About this blog
The journey from John o'Groats to Land's End took place in 14 sections, starting in 1996 (a week or so each year). The idea came to me in 1995 and I completed the British JoGLE Watershed in June 2009.
I was joined by a number of relations and friends from time to time. Most notable among my walking companions were my son Tim (7 sections) and nephews Peter and Jonny.
After walking the first section in 1996 I discovered that Dave Hewitt had already pioneered the Scottish Watershed (to Cape Wrath) in 1987, and had published his excellent account Walking the Watershed in 1994. We have been in touch since then, and he has been a great encouragement.
A simple definition of the watershed is that any rain falling to the left of the path finishes in the North Sea or English Channel, and anything to the right flows into the Atlantic Ocean, the Irish Sea or the Bristol Channel.
I believe that this was the first walk along the full length of the British JoGLE Watershed. I became aware just after I completed the journey that the late Mike Allen walked a slightly different version (from Land's End to Cape Wrath) between 1988 and 1994, so he will have covered the same ground apart from the most north-easterly 220km.
There have subsequently been several walks and publications about parts of the JoGLE watershed, including Peter Wright's 2010 Ribbon of Wildness account of his Scottish section walked in 2005, which has brought the subject of watershed walking in the UK to a wider audience.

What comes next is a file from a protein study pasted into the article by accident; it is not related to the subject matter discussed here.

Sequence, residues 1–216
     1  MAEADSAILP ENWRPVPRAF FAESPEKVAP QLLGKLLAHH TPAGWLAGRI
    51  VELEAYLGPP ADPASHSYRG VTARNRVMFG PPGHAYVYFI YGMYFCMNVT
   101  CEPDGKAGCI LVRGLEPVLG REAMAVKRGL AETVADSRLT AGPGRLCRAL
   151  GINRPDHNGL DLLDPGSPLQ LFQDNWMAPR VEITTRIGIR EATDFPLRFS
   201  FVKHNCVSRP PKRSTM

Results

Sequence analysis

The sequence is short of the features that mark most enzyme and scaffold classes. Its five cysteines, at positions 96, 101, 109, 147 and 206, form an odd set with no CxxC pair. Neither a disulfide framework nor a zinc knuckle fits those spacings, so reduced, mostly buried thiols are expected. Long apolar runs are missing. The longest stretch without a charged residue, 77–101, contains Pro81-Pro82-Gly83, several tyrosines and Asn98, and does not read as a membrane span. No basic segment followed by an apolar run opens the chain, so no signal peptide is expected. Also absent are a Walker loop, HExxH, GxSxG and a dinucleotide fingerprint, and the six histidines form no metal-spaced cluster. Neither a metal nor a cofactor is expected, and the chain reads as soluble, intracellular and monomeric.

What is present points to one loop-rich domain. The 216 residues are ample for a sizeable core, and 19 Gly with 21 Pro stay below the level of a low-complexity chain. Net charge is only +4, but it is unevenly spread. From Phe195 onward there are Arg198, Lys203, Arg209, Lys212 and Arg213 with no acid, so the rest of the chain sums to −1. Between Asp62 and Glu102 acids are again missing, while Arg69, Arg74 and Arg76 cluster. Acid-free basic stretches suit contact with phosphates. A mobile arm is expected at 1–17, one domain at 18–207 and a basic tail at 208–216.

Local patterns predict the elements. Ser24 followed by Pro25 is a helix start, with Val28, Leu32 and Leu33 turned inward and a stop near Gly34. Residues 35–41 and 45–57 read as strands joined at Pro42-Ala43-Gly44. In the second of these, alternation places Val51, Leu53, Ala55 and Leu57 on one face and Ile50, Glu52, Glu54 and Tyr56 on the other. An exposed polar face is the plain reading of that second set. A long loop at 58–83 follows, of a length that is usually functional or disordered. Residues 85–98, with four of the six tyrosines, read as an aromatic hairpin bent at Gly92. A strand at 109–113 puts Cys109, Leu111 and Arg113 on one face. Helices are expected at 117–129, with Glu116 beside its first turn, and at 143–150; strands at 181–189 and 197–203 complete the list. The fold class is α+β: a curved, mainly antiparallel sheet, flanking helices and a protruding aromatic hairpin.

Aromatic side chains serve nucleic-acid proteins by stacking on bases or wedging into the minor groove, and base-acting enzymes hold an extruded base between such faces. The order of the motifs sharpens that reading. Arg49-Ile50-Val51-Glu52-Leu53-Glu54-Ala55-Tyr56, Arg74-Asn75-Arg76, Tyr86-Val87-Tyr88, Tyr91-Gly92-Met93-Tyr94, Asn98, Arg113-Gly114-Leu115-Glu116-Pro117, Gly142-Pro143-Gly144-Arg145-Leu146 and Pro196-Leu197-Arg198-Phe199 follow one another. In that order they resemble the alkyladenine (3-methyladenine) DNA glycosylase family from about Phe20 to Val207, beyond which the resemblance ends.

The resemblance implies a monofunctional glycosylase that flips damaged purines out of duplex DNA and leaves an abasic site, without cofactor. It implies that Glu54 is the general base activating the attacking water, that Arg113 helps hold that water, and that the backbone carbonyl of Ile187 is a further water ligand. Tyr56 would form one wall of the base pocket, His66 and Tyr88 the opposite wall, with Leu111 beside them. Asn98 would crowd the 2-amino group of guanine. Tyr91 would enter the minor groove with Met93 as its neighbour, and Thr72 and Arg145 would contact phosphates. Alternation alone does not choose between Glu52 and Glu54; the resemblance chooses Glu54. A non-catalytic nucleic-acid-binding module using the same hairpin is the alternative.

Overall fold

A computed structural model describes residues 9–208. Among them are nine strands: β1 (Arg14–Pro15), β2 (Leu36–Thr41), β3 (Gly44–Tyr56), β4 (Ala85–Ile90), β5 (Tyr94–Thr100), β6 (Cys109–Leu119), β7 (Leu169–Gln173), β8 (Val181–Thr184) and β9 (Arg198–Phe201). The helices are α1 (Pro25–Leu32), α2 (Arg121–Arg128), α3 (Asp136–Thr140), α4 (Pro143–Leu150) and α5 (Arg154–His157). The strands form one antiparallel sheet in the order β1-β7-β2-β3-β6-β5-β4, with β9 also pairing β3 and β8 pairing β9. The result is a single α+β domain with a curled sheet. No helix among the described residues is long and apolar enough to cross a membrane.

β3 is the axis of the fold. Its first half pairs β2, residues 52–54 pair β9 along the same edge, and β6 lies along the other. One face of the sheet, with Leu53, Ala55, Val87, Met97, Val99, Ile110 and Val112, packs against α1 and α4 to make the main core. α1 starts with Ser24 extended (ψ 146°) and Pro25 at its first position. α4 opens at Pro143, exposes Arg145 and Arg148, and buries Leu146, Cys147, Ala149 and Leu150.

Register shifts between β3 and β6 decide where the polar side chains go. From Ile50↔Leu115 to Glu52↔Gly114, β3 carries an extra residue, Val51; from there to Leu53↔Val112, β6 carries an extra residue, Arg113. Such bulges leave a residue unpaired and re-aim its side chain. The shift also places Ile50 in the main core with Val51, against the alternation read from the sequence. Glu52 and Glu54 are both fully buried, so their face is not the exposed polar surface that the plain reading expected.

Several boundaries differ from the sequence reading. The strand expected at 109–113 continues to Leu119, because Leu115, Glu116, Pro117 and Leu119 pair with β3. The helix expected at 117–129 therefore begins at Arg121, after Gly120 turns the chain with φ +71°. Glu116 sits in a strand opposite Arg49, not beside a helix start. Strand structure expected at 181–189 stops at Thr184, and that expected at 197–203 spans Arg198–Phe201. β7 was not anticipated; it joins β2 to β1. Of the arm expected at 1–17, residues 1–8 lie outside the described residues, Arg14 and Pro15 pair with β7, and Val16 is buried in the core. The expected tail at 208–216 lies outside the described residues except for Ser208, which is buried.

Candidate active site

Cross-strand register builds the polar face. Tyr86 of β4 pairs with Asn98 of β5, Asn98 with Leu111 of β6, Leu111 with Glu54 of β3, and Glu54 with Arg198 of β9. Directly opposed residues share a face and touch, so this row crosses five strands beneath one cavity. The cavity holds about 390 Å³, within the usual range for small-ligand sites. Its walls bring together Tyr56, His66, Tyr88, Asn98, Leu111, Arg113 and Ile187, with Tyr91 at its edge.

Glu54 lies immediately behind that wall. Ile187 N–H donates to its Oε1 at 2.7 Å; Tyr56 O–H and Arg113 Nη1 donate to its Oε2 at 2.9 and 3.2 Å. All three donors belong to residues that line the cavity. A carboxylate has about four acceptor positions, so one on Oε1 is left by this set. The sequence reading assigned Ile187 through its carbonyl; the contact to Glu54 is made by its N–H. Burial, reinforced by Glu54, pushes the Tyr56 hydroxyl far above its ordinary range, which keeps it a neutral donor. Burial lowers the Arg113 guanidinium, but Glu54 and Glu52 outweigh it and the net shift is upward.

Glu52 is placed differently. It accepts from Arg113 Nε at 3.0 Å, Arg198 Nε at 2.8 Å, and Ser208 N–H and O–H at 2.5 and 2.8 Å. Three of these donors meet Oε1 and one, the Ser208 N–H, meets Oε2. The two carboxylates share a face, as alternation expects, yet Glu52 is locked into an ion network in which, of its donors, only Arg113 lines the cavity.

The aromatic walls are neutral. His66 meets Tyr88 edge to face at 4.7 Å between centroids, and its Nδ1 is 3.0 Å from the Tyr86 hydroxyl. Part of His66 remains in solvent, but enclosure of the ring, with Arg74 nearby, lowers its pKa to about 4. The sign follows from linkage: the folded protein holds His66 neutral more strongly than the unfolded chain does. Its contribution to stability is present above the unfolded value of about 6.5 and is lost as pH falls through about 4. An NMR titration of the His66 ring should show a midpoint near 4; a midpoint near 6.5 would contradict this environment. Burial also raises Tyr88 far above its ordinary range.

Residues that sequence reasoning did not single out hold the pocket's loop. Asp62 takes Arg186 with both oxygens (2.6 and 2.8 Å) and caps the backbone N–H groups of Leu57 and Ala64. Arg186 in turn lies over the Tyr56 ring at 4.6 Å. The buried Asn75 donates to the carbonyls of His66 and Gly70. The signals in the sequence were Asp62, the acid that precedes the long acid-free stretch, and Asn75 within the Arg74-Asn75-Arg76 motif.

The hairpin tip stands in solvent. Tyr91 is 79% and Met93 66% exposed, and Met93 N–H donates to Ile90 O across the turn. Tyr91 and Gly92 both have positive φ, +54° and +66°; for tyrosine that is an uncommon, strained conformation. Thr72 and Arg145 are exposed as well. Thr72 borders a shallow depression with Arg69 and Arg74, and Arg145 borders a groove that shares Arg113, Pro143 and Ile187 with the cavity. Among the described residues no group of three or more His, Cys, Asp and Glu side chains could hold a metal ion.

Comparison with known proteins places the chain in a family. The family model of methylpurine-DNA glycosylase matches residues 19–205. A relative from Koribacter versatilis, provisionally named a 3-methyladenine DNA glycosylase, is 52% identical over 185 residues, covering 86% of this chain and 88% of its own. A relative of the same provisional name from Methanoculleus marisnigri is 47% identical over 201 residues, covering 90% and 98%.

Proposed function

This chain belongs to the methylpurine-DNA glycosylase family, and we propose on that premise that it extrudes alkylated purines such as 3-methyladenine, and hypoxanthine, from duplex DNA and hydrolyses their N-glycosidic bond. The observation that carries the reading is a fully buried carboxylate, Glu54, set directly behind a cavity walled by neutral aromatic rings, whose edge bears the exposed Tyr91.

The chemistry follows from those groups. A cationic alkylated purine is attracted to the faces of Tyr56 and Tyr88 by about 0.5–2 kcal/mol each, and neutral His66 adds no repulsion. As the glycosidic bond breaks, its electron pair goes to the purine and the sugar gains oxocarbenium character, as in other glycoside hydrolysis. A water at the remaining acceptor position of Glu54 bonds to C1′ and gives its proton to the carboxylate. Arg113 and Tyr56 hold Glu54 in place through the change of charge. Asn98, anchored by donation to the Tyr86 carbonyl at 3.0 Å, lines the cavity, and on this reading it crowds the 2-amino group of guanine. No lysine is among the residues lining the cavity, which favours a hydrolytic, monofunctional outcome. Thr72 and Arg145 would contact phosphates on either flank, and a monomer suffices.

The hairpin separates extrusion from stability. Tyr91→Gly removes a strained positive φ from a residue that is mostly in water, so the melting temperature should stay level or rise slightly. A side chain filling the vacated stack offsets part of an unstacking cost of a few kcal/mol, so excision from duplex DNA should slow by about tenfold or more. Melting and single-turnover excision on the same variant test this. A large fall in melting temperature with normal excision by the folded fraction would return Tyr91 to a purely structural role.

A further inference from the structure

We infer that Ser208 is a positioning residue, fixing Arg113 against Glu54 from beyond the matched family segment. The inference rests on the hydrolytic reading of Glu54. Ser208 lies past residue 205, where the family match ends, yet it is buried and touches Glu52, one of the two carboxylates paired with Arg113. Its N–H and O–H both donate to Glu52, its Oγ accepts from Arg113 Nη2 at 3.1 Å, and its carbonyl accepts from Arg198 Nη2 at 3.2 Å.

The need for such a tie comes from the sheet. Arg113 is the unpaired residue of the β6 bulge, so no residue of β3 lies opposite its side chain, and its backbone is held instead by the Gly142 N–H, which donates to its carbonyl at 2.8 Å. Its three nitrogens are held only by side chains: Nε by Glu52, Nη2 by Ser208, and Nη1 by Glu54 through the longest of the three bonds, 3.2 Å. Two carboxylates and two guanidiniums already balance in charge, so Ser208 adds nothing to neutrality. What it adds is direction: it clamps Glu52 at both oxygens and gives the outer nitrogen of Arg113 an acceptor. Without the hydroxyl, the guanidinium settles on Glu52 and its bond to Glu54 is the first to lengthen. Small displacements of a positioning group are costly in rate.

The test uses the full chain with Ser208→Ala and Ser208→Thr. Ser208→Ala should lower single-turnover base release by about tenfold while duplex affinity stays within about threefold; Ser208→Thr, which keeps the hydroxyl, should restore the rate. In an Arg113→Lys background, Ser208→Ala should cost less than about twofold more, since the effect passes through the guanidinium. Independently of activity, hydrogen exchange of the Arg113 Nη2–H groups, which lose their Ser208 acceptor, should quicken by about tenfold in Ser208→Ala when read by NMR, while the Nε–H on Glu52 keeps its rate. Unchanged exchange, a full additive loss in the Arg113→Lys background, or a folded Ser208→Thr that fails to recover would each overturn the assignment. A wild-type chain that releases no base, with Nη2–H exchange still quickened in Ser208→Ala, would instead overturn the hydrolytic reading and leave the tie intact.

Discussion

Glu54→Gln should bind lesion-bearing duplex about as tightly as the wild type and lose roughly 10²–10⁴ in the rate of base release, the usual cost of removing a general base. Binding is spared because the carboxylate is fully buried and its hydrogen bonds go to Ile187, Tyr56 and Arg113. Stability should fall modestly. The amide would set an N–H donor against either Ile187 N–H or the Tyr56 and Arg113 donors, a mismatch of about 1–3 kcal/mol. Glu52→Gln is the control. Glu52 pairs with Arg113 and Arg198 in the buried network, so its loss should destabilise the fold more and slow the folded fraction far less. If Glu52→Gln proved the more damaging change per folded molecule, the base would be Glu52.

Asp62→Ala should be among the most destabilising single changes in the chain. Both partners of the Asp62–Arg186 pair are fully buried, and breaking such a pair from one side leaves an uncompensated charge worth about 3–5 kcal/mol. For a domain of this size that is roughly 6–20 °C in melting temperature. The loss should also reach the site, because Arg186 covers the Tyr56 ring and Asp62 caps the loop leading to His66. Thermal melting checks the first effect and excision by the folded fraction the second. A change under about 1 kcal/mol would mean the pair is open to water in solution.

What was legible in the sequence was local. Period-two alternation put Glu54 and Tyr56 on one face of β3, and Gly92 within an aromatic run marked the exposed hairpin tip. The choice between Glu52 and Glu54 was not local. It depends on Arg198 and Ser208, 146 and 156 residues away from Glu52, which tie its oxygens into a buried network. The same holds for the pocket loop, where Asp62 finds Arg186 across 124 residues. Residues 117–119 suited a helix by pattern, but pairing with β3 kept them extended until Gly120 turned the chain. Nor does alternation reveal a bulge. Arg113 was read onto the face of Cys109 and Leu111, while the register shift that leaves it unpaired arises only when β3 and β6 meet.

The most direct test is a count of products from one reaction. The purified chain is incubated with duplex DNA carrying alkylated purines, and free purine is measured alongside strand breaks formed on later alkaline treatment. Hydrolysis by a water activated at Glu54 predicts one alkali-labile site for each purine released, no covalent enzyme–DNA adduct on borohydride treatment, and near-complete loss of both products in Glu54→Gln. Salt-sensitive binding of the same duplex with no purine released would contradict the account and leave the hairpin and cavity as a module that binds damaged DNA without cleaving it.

I hope you enjoy this blog. I'm planning to publish a full account in 2013/4. A summary of the walk appeared in The Angry Corrie volume 76 in 2009.
Saturday, 9 August 2008
Day 117 - drenched on Dartmoor
As it turned out, we started in light drizzle which got progressively heavier - we were drenched. There was also a strong wind on the tops, so it was a tough walk across Dartmoor. I was expecting this to be the last really wild day on the whole Watershed, and it certainly was wild.
We passed a well-preserved stone circle on our way up to Hound Tor, on a well-defined path. After that, the going was rougher to Hangingstone Hill. Between there and Great Knesset is a large area of bog, which gives rise to several river systems. We looked for and found the Cranmere Pool Letterbox (marked on the map and shown in the photo). Someone had left half a bottle of straw-coloured liquid in it, which Tony nobly sampled first. It was good stuff! We signed the visitors book, and I left a few postcards there. It was gratifying to learn later that they had been duly posted by a later visitor, according to custom.
We floundered across the trackless moor in deteriorating weather and were relieved to get down to Sourton by 3:30pm. We left the Watershed at 551907, and took a bus and taxi back to the car.